The 5.56 X 45mm “Timeline” – 1982

A Chronology of Development by Daniel E. Watters

1982

 

Under Secretary of the US Army James R. Ambrose endorses a potential 10-12 year rifle development program, which leads to a new Future Rifle Program and the eventual Advanced Combat Rifle (ACR) program.

At Picatinny, Vince De Siena and MAJ Dave Lutz (USMC) machine off the carrying handle of a M16A1 upper receiver, affix a commercial Weaver scope rail, and then mount a Kahles 1.5x optic. Tasked with the supervision of the M16A1(PIP) program, MAJ Lutz lobbies for the addition of an optic-capable flat-top receiver into the list of improvements incorporated in the M16A1(PIP). (Lutz also believes that this prototype may have been the genesis of the later Canadian flat-top project, due to his sharing an office with the Canadian Army Liaison Officer to JSSAP, MAJ Rick Wilson.)

The DOD expresses initial interest in a M16A1(PIP)-based carbine.

The Army orders 18,850 M231 FPW with an option for an additional 550.

The US provides 1,060 M16A1 to the Dominican Republic as part of a military assistance package.

The US makes a FMS of 20,743 M16A1 to El Salvador. Deliveries stretch through 1984.

The South African Defence Forces (SADF) field the R4 rifle.

Singapore fields the Ultimax 100 LMG.

Gabon acquires 800 FAMAS.

The Indonesian Air Force orders 10,000 FN FNC.

The Omani Royal Guard acquires Steyr AUG.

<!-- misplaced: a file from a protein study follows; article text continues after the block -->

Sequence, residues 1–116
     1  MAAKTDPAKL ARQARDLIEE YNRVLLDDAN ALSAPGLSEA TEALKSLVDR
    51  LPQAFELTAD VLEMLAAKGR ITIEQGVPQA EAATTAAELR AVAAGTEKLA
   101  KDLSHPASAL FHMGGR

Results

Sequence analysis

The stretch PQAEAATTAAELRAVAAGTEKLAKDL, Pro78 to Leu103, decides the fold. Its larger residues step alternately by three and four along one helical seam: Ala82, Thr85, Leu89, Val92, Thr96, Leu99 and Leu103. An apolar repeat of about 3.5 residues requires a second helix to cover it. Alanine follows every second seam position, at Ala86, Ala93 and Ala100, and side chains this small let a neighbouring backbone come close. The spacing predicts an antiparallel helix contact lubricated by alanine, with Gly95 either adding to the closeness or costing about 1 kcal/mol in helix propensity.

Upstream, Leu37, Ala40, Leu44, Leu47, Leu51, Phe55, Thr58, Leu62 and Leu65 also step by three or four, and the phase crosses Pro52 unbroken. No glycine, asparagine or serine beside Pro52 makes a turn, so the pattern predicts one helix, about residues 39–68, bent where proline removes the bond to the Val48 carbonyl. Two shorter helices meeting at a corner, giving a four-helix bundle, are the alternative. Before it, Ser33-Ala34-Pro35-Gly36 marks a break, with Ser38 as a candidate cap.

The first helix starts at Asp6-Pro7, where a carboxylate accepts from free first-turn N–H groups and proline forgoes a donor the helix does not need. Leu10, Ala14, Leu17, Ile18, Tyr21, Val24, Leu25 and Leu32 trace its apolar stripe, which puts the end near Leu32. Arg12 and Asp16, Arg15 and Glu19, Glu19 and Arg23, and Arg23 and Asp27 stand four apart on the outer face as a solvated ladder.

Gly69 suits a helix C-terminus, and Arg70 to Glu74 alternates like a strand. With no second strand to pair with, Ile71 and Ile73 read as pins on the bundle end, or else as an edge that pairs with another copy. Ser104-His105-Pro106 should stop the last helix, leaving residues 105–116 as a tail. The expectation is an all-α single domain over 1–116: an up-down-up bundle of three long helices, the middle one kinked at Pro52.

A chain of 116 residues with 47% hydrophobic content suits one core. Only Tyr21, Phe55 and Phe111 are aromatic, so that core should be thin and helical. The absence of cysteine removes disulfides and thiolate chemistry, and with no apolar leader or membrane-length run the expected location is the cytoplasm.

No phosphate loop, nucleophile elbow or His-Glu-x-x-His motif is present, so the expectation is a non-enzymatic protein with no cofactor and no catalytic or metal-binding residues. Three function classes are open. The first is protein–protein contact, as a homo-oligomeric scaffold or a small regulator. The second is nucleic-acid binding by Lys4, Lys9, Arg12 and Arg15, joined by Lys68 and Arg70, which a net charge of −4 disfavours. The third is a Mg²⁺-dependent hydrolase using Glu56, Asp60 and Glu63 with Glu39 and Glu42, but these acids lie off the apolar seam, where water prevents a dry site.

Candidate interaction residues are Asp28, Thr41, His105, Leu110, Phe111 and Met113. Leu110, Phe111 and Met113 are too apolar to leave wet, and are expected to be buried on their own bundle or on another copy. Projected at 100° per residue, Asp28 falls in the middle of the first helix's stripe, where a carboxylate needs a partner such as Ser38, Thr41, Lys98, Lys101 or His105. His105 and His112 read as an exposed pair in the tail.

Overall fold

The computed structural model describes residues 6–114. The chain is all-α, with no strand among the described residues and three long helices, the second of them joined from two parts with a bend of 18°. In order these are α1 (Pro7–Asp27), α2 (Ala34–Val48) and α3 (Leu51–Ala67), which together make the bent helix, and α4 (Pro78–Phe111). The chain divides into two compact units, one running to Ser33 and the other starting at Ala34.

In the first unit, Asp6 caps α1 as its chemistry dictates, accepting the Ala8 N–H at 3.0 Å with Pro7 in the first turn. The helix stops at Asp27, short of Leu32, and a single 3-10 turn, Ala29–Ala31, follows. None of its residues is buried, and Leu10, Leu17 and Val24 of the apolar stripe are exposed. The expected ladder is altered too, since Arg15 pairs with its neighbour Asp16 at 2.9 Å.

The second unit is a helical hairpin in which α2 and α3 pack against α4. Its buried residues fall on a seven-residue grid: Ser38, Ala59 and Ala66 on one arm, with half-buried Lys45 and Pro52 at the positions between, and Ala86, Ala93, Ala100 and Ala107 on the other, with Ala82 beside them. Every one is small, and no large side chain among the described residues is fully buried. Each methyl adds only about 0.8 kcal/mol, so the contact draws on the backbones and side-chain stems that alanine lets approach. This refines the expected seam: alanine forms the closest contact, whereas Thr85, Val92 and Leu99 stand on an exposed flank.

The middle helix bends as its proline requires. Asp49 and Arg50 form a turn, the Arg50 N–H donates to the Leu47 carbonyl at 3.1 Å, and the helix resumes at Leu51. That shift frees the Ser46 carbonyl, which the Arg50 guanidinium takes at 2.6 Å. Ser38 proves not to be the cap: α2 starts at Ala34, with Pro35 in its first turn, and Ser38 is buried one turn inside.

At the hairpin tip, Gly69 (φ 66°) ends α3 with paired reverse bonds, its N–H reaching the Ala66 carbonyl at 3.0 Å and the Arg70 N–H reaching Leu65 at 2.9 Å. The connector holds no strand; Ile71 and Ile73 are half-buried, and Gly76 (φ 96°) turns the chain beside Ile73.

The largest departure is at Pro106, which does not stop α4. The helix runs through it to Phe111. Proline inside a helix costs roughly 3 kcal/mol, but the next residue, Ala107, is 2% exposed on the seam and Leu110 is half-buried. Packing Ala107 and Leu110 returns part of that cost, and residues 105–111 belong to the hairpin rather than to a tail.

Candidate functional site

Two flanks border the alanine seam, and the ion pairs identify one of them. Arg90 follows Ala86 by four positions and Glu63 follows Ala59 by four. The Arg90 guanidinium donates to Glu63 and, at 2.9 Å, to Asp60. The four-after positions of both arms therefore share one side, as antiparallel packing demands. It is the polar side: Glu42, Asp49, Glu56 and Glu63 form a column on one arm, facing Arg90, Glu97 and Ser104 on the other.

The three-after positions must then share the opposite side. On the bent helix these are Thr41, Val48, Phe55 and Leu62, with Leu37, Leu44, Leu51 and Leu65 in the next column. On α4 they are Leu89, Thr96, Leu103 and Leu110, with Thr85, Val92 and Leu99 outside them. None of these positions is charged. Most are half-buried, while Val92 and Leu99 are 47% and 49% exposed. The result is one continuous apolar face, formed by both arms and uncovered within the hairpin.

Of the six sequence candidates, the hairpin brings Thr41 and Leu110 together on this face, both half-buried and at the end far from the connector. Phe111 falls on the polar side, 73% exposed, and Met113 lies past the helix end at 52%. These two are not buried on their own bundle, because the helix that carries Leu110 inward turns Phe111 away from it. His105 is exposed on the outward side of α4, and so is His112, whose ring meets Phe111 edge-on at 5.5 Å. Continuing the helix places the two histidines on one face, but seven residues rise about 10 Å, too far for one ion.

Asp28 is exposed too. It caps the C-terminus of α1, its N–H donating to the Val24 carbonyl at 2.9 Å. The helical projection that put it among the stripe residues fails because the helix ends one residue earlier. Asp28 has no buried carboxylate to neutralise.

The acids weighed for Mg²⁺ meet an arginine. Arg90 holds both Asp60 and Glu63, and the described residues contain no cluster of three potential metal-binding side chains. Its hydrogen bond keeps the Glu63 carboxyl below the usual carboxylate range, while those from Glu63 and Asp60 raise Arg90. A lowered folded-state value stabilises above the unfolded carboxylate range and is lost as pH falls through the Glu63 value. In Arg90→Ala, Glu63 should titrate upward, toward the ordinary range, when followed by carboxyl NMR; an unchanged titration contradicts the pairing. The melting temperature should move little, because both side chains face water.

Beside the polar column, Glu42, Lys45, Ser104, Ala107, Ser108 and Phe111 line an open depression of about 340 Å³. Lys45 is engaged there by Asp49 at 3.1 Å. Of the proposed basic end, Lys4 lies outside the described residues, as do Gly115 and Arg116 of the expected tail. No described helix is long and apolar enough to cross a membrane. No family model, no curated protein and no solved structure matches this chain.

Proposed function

Somalia purchase 20,000 SAR80. Deliveries continue through 1983.

The East German company Spezialwerkzug und Hydraulic GmbH Wiesa (SW&H) acquires a license to produce an AK-74 variant, the MPiKMS-74.

January:
The US Army awards a pair of $473,000 contracts to Colt related to the M16. One of these is later deallocated in full. The Army also awards a $57,000 contract to Colt for FMS.

The Joint Service Operational Requirement Document is published for the M249.

Daewoo takes over ownership of Pusan Arsenal.

The US Army awards a $129,000 contract modification to Colt related to the M203.

February:
The USMC Analysis Support Branch issues “Analysis of the Modified Operational Test for the M16A1E1 Rifle.”

The US Army awards $25,000 and deallocates $51,000 in contract modifications to Colt related to the 1967 Licensing Agreement.

The FN M249 Squad Automatic Weapon is officially adopted and standardized. Original goals are for the US Army to procure 49,979 and the USMC to purchase 9,974.